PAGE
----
Go Back   The Supercar Registry > Sponsors > Vintage Musclecar Parts

Reply
 
Thread Tools Display Modes
  #21  
Old 05-30-2017, 10:53 PM
ZLP955 ZLP955 is offline
Senior Member
 
Join Date: Dec 2012
Location: Australia
Posts: 379
Thanks: 9
Thanked 4 Times in 3 Posts
Default

Quote:
Originally Posted by dannystarr View Post
Nobody online at any of the Camaro sites ever told me to check my fuel pressure. Maybe they did, I really don't remember, but I don't think so.
I recall your thread, but thought you said you'd done a few thousand miles on the HBC fuel pump with no issues? Was this after you traced the problem back to the rebuilt distributor and the holes in the carb butterflies?
__________________
Tim
1969 Van Nuys 04A Z/28 69-69 715 ex-E/MP
Reply With Quote
  #22  
Old 05-31-2017, 06:18 AM
dannystarr dannystarr is offline
Junior Member
 
Join Date: Jan 2014
Posts: 17
Thanks: 0
Thanked 0 Times in 0 Posts
Default

I did do 3 thousand miles on that same pump. Bought car with 54,610 and took it to 57,200. BUT the issue was ALWAYS there. All the things mentioned just helped make it run better. As you may recall, there was only 3 teeth on the timing gear. 14 PSI at an idle is WAY to high of course. Once I stuck the PRV in the front in the frame, it was an incredible change. I never have had a car that pulled so hard with only 1/4" of throttle in any gear at almost any speed above 25MPH. At times I would be going down the road at 3,000 RPM's and hit a bump in the road and accidentally push on the throttle a little and the whole car would lunge forward. It was crazy! I wish I could have wound it up to 7 or 8,000rpm's. I could only imagine what it would have been like. But 4,500 20 times was still a heck of a good time. Car NEVER died at a stop again, white smoke gone. SUPER rich at an idle burning your eyes to hell and back.. ALL GONE.. D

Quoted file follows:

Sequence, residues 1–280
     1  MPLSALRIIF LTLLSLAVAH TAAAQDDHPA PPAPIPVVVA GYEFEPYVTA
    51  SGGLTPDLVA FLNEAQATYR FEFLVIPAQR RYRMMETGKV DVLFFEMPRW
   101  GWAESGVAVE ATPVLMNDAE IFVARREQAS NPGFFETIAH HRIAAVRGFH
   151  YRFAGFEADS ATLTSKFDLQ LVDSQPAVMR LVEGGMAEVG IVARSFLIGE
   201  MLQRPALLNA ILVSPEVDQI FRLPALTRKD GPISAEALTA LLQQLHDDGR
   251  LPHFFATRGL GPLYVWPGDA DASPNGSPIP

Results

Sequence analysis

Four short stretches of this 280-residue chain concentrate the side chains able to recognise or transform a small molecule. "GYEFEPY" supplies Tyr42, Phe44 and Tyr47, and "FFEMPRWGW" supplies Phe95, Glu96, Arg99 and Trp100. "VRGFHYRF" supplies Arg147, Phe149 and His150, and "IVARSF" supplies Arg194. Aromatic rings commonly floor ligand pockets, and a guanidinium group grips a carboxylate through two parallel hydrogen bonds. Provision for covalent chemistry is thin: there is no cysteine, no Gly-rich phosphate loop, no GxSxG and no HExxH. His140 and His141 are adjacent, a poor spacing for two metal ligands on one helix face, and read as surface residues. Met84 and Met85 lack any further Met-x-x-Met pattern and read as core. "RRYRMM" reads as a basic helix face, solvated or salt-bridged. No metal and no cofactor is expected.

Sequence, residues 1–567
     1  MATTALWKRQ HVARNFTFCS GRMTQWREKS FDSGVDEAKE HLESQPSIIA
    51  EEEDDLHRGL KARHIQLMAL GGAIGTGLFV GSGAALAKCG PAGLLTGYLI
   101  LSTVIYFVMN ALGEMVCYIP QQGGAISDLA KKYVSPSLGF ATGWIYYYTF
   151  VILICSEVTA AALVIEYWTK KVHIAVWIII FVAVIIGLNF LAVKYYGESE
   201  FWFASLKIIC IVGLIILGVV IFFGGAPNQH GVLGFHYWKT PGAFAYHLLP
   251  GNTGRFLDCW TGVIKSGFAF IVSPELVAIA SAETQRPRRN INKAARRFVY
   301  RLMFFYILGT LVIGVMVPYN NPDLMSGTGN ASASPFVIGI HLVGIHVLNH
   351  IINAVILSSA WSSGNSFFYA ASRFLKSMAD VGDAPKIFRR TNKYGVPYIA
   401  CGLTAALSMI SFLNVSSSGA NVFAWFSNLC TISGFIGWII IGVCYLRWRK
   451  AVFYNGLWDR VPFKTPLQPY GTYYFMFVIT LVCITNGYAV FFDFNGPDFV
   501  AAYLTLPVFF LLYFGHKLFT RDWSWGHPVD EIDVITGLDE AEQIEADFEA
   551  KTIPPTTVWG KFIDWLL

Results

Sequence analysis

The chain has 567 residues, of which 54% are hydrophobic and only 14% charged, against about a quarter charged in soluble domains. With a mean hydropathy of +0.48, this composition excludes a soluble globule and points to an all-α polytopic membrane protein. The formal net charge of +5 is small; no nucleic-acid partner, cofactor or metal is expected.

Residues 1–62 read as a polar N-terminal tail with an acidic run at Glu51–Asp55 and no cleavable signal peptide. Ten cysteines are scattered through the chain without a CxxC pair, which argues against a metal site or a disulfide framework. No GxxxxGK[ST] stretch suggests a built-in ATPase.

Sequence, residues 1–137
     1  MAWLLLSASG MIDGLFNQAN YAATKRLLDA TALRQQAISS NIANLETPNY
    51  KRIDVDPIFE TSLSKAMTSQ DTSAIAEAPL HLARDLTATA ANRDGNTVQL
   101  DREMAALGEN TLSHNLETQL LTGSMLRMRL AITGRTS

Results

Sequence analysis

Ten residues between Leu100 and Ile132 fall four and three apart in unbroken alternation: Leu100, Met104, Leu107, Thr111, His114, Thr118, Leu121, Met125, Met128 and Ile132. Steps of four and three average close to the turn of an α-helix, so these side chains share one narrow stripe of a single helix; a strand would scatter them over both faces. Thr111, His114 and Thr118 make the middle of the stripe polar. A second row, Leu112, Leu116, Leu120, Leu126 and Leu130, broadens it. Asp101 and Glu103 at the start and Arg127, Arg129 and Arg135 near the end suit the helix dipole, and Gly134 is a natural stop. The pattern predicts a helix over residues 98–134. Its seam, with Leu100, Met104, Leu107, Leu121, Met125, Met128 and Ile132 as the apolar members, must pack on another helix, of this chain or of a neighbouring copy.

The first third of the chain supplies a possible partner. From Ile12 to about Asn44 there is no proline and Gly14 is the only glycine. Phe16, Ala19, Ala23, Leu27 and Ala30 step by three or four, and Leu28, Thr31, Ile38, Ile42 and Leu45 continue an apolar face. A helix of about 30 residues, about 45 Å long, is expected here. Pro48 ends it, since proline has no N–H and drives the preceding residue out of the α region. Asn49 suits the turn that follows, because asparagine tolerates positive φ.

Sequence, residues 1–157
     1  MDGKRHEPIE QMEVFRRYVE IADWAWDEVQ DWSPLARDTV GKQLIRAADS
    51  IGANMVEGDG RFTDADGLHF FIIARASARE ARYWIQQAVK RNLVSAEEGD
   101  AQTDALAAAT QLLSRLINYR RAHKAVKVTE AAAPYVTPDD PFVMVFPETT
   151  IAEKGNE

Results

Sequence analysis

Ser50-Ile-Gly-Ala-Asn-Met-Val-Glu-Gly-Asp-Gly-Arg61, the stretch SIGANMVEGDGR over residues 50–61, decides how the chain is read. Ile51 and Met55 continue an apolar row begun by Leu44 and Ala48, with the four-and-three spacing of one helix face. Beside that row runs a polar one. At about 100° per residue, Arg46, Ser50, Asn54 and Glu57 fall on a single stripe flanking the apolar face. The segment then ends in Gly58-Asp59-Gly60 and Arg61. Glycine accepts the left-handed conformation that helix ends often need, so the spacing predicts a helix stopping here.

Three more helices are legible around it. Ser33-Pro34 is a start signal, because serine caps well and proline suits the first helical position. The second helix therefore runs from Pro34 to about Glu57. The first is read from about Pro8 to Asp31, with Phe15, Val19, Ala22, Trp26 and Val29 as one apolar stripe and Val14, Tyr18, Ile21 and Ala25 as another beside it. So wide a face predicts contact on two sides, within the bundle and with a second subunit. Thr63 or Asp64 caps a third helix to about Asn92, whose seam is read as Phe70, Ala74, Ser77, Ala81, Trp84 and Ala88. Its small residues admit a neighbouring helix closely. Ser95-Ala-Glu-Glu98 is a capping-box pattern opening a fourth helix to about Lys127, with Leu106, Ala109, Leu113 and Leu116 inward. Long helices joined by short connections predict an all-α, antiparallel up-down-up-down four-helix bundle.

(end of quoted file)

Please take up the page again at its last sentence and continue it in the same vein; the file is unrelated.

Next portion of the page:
Reply With Quote
  #23  
Old 06-11-2017, 03:49 PM
enio45 enio45 is offline
Yenko Paid Member
 
Join Date: Oct 2002
Location: Gilbert, AZ
Posts: 3,150
Thanks: 1
Thanked 8 Times in 6 Posts
Default

Eric - So in order to check the fuel pump pressure like on a stock 69Z, how would you go about doing that - whats needs to come off and what tool/gauge do i need? Anyone got a pic of a setup they did?
__________________
Eddie M
MBTMF

68 COPO Camaro 9737 non-converted YENKO
69 YENKO SC Camaro, Hugger Orange - born with engine!
Reply With Quote
  #24  
Old 06-11-2017, 03:59 PM
earntaz earntaz is offline
Yenko Paid Member
 
Join Date: Mar 2010
Location: Republic of Texas
Posts: 3,402
Thanks: 1
Thanked 30 Times in 21 Posts
Default

Quote:
Originally Posted by enio45 View Post
Eric - So in order to check the fuel pump pressure like on a stock 69Z, how would you go about doing that - whats needs to come off and what tool/gauge do i need? Anyone got a pic of a setup they did?
Good Q Eric -- please provide your thoughts on this ... TAZ
__________________
You've never lived until you've almost died -- for those who fight for it, life has a flavor the protected will never know!
Reply With Quote
  #25  
Old 06-11-2017, 05:40 PM
VintageMusclecar's Avatar
VintageMusclecar VintageMusclecar is offline
Moderator
 
Join Date: Jul 2003
Posts: 3,772
Thanks: 7
Thanked 3 Times in 3 Posts
Default

You'll need a basic low pressure fuel pressure tester such as the one shown below: